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Better than I thought
on February 28, 2015
I didn't expect so much from this book as I was afraid that the polarization that this issue causes would render the arguments exaggerated.
I was then surprised to find by book's end that I could agree with Carr's thesis. This is because he presents some decent (if now a bit dated) neurological evidence and does confront full on the past claims of anti-technologists. He even deals with the effects of reading (the original reading) on our psyches.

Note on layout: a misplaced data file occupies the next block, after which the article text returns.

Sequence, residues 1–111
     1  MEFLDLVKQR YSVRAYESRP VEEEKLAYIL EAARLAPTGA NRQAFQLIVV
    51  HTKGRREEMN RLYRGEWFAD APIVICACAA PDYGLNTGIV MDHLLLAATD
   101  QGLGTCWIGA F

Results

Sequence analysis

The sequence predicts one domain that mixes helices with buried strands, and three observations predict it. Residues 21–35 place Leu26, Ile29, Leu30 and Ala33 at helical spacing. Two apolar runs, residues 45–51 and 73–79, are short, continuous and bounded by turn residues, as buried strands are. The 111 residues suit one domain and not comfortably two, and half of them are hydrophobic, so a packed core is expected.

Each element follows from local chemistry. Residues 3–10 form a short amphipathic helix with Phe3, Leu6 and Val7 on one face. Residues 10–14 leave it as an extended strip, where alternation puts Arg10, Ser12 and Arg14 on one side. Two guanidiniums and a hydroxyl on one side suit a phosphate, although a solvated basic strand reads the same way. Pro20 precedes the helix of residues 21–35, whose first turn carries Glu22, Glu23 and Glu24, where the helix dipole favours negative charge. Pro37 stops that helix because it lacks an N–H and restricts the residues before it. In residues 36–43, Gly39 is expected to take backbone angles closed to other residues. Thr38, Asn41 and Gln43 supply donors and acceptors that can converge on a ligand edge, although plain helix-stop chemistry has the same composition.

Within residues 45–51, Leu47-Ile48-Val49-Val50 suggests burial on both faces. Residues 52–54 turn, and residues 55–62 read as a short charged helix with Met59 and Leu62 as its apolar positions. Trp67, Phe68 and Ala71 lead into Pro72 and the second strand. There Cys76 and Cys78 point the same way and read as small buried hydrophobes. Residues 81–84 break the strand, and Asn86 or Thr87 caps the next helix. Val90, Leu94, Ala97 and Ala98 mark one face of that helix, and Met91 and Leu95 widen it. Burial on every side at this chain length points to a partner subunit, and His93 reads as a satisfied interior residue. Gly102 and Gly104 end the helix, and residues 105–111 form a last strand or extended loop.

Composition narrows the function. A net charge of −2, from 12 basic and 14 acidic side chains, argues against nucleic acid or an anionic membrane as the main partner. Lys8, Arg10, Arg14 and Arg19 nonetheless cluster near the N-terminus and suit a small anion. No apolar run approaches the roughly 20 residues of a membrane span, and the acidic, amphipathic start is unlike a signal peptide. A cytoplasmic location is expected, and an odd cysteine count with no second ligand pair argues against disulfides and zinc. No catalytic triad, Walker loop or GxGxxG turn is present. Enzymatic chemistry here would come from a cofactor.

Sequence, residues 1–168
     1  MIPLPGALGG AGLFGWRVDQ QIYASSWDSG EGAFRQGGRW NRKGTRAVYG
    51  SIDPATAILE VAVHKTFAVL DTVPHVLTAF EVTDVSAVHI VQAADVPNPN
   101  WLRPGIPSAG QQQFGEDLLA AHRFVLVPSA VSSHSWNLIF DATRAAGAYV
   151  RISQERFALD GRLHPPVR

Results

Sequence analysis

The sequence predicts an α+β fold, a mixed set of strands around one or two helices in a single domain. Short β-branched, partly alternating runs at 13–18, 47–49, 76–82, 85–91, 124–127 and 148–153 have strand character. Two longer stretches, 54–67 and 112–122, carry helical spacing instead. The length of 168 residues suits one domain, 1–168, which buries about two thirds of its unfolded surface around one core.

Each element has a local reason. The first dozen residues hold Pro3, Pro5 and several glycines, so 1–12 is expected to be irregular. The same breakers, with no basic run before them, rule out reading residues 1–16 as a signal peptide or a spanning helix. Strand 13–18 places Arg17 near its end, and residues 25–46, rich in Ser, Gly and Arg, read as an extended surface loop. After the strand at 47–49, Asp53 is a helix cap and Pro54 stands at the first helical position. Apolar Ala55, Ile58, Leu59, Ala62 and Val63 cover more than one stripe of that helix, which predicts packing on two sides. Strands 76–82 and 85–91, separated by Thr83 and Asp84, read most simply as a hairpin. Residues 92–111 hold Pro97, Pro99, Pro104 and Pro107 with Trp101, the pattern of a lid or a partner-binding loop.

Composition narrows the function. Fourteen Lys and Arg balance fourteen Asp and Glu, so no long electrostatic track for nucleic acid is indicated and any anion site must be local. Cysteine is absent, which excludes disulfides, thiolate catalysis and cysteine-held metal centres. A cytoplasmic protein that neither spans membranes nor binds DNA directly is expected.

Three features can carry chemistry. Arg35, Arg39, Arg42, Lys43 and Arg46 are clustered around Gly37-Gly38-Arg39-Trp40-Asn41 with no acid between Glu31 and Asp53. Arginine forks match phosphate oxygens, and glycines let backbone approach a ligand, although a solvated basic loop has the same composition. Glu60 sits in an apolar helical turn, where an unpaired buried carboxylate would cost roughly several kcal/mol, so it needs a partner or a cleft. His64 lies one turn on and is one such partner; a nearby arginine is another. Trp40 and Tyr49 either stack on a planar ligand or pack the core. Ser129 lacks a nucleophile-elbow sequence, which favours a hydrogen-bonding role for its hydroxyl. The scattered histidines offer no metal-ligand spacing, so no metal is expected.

The mistake he makes is when he talks about the effects of scripts on the brain. Here he is out of his depth. For example, he says that when punctuation was introduced our mental abilities changed. Well, he's off when he cites the time of that change, and anyway it seems ridiculously speculative.
I went ahead and bought his latest book, The Glass Cage, because I think this guy has a head on his shoulders and because he writes clearly.